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Kahani Rubber Band Ki

Kahani Rubber Band Ki Movie Review

by rameshe

Critic’s Rating : / 5

Kahani Rubber Band Ki Movie Review : Funny in parts but fails to engage

Kahani Rubber Band Ki Story: When newlyweds — Akash Chaudhary (Manish Raisinghan) and Kavya Patel (Avika Gor) — become pregnant despite using protection, their lives and future plans are shattered. However, to protect his relationship with Kavya, Akash files a complaint against the condom-manufacturing company. Along the way, he educates the public about the stigmas associated with condoms, sex, and protection in Indian households.

Kahani Rubber Band Ki Review: “Condom khareedne wala chichora nahi gentleman hota hai,” this line pretty much sums up what Kahani Rubber Band Ki (KRBK) is all about. First-time director Sarika Sanjot, who has co-written the film with B S Nirmal Raj, has crafted a ‘socially relevant’ film that mostly makes the right noises. However, the key message could have been delivered with more finesse and precision. It is not a sin to discuss protection during sex; we have already seen several films, such as Nushratt’s Janhit Mein Jaari and Aparshakti’s Helmet, that begin a social commentary. This 120-minute drama—in which condoms are called ‘rubber bands’— is quite similar to the previous ones, but it has a different storyline about the leads, Kavya and Aakash, who become pregnant despite using protection.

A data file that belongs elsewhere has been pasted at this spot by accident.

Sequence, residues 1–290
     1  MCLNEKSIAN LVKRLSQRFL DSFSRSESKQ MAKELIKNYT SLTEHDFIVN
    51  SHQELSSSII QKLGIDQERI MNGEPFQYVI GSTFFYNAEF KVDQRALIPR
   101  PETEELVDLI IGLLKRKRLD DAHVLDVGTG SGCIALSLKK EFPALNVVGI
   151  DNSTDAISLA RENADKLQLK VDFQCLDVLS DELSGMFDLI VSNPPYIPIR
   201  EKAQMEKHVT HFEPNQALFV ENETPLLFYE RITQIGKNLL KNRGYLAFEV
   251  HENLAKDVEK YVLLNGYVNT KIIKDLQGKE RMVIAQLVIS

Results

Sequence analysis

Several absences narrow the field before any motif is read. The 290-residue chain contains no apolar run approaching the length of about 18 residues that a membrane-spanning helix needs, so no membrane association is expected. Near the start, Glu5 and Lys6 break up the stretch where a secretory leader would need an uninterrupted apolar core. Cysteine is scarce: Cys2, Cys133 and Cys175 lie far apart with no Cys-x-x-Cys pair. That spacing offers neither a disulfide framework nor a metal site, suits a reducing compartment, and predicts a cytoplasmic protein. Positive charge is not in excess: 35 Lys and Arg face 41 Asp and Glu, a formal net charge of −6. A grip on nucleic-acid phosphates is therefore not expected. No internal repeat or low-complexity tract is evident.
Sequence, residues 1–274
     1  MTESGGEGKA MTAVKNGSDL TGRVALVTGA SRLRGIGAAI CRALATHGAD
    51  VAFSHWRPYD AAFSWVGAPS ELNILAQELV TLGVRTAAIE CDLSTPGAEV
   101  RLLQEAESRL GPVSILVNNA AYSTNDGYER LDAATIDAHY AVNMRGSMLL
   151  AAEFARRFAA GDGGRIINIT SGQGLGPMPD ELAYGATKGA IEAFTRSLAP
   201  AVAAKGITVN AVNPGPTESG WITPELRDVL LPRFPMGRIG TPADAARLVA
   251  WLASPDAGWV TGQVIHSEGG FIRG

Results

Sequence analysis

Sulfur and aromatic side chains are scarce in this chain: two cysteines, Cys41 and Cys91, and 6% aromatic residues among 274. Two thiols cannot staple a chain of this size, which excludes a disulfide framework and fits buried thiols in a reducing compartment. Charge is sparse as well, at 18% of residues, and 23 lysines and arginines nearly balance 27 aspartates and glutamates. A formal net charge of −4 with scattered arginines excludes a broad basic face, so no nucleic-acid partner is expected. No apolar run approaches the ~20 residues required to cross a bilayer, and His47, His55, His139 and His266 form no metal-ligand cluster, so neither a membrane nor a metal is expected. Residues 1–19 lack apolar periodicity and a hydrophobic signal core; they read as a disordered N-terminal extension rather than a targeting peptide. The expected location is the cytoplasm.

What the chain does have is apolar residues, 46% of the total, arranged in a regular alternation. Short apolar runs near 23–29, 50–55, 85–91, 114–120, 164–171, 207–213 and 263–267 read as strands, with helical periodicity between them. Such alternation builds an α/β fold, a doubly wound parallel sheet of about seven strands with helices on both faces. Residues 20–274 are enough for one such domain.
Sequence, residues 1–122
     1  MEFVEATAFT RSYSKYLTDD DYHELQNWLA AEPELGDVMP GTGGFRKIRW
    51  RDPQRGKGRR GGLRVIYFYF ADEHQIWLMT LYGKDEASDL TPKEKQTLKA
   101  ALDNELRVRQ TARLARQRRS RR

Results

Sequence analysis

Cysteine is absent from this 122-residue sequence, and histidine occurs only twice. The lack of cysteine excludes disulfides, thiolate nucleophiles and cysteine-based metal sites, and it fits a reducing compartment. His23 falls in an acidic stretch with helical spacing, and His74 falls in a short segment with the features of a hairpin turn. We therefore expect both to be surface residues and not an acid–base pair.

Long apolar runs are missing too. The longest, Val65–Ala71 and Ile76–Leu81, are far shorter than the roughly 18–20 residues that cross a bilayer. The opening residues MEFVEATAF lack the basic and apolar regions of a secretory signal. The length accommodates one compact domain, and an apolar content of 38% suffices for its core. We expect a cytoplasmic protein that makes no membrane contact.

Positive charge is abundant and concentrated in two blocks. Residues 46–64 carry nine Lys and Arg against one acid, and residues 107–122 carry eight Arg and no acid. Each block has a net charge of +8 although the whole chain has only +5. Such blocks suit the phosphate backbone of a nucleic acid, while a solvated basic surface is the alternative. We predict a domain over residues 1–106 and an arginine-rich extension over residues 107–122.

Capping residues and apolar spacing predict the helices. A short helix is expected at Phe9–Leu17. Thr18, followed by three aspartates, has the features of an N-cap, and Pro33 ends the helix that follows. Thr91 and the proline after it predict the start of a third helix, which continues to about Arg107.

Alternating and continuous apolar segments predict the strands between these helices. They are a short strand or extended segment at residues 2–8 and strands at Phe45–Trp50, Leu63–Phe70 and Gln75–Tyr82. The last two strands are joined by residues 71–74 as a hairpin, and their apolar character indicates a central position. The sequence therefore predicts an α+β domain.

KRBK employs a blend of drama and humour to convey the importance of discussing ‘safe sex.’ It tries too hard to make a point but fails to be an engaging drama due to tonal inconsistencies. The film’s first half is a light-hearted and breezy watch, but the second half becomes too drawn out to make a point. Even the court battle isn’t that engrossing and ends up being a dull lecture about the taboos surrounding condoms, sex, and protection in Indian households. The writing lacks uniformity, and the disjointed comic interludes frequently dilute the subject’s seriousness rather than make the narrative cohesive.

Manish Raisinghan and Avika Gor’s on-screen chemistry is endearing. The film also features Pratik Gandhi as Narendra Tripathi, aka Aakash’s best friend ‘Nanno,’ who has studied law but works in a medical shop with his father. Although he does well, his role is relatively small because the plot’s main focus is the lead couple and their problems. It’s pleasant to see veteran actor Aruna Irani back on the big screen after a long time.

The story is set in the city of Banaras, which is captured beautifully in the film. Faroukh Mistry’s cinematography deserves mention for its exploration of the city’s backstreets, ghats and neighbourhoods.

The audience indeed receives films spotlighting issues around taboos in the country well. So, if KRBK had found better ways to express its concerns, it could have easily made the list.

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